James: The major thing that comes to mind is that there’s no similarity between the CrossFit™ facilities. If you are going to be trying to look at what differentiates you, if it’s important for you to have clients and to have money and to put food on the table, then you pretty much have to have a good idea as to what’s going on passed that front door or the sign that’s on the wall.
What CCP does to certainly help those people is not change the sign on the wall. That’s what some people have some fear over. It’s not that. You just better know what you’re doing in the back end. If you do know what’s happening on the back end and you have some business savvy as well as some great upfront assessment and design, as well as you know how to resonate with people, my feeling is that that’s going to be a separator in how you run your business and how you are going to separate yourself from all the other places that are the same name.
Some of the fears that folks have, which are real, that no one likes to talk about is that there’s no limit to where these places can be in terms of physical location. You may be lucky enough where you’re not affected by that but there are a ton of people that no one wants to discuss, only I hear it all, that are being severely hammered based upon folks just opening up 500 meters down the road and pulling people over because it’s a lower cost.
People see it as something else, as just another commodity or another fitness system. That’s the major thing in which we can help those people. We can help create some great competency inside which helps them manufacture how to, not necessarily only retain, but to get clients and really upgrade their experience.
Outside of that, the one thing that I have that’s going to be something that’s interesting down the road that people need to be aware of is that if it’s largely played out to be centered around the whiteboard, fitness and fitness competitions. People have to ask the question like: Is it sustainable and what’s going to happen when, in terms of just the business and its marketability, the affiliate numbers start to go down.
The first insight we had on that was that this year there were 40,000 increased participants in the Open and a ton of them were new people, which basically recommended there are 40,000 more people this year but 60,000 were new participants. It makes you go, then, where are those 60,000 people that were missing if we had 140,000 last year and 180,000 this year?
It’s looking like things are changing. What happens when there are 11,000 affiliates next year and then there are 10,500 the year after and then 9,000 the next year? People have to say, “What’s going to happen in terms of the overall business structure and the support that you’re going to have from everyone, in terms of that name being put on your door?”
I think that’s something that has to be considered. If you have great business practices and, like you talk about, Sean, great goals and projects set up as well as some good competency inside, you have 10-year plans for your business and it doesn’t even matter what your name is. I see that as one of the things in which CCP can help out for those folks, as well as also talking about some things in there that they have to be prepared for when it comes down the road.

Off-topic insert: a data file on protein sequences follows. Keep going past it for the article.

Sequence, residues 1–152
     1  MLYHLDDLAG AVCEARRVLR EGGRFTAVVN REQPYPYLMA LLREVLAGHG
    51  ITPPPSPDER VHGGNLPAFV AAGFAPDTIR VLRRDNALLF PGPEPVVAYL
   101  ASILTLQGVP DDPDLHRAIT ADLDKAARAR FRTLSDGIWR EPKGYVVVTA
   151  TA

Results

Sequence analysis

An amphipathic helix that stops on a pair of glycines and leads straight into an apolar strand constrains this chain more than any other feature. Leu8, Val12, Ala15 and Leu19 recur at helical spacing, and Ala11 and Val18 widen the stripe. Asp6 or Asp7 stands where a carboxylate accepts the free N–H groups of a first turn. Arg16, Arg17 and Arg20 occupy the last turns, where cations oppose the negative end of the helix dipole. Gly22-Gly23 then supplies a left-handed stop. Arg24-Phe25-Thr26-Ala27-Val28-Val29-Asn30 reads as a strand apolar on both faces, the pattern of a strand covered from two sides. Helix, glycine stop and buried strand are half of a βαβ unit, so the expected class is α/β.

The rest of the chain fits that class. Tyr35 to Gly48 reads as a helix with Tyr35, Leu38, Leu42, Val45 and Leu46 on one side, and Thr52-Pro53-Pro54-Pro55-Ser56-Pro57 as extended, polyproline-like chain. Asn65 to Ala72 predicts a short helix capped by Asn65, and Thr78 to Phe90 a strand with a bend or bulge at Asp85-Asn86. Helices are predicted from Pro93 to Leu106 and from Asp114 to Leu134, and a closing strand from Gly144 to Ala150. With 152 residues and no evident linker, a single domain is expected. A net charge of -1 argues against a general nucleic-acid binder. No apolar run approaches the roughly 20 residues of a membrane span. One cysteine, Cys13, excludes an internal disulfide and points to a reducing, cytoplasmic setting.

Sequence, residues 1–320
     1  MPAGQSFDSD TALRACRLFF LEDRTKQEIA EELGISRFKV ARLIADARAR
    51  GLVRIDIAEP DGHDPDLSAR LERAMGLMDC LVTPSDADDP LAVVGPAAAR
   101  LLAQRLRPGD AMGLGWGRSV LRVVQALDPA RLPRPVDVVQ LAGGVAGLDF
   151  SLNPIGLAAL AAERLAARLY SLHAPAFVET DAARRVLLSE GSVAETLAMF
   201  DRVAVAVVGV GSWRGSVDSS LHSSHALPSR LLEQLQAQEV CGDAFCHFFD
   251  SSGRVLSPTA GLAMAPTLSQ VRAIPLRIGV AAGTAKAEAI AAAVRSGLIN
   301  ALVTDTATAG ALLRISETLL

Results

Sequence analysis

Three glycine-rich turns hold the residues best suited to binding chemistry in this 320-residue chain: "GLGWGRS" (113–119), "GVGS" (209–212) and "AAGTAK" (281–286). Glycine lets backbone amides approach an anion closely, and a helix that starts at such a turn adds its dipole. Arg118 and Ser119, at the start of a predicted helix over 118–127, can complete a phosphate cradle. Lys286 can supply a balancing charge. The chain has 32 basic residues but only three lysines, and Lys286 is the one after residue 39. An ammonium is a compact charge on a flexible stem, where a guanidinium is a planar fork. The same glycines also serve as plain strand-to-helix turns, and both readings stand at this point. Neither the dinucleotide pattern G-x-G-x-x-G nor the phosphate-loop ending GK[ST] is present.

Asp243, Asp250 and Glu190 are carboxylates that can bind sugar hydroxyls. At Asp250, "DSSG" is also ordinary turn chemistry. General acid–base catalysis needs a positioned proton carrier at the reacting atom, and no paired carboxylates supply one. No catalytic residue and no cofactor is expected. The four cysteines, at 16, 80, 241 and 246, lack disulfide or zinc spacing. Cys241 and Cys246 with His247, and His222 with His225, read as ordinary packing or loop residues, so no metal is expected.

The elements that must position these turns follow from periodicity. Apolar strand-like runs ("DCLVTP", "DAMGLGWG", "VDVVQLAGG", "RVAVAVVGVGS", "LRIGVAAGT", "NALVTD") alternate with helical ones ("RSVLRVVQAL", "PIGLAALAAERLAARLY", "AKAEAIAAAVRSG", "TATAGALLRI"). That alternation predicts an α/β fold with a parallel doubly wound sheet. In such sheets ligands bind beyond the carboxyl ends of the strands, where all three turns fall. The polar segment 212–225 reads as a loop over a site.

Sean: Let’s shift gears and talk about something that’s extremely exciting. I’ve been hearing about it for the past few months here from you and a few others and that’s the NPFL. If you can tell everybody what the NPFL is and what the big news is and what’s happening. It’s exciting times, for sure.
James: The NPFL is a Professional Fitness League that was organized by Tony Budding who is formally of CrossFit™ and Media Director for CrossFit™. He basically had the insight that this could be a really cool event after they finished the World Event where they had the World team against Team USA.
He saw that there was a large interest in people in their conversations around that. Also, just the viewership and how exciting it could be. On the inside, they just didn’t buy it so he left CrossFit™ and now has designed a league format where athletes can participate. It’s not just a participant sport, meaning you have to make into the league. He wanted to have this opportunity for, really, the fan experience.
There’s so much beauty within the performance itself with the athletes, but it’s just really hard to watch on a large scale. There are so many other things that are great about it for entertainment purposes that I don’t need to dig into. You can just imagine having a collection of eight of the most sophisticated, beautiful bodies with unbelievable engines just out there on the floor working together to do work.
It’s very entertaining and pleasing to the eye if it’s done very simple and it’s understandable for the audience. Basically, what the NPFL is going to do is allow the opportunity for people to own and operate a team. I am a co-owner with Jon Callahan of the Phoenix Rise. I’m also the coach and a player because I’m over 40, or 40 and over.
There are 14 players per team. There will probably be eight teams to start this season. Pretty much there are 11 matches or races per event. It’s a two-hour event. It will, hopefully, be seen on T.V. worldwide for people to have the opportunity to watch it. It’s going to be an entertaining piece of one team versus the other from different geographical locations.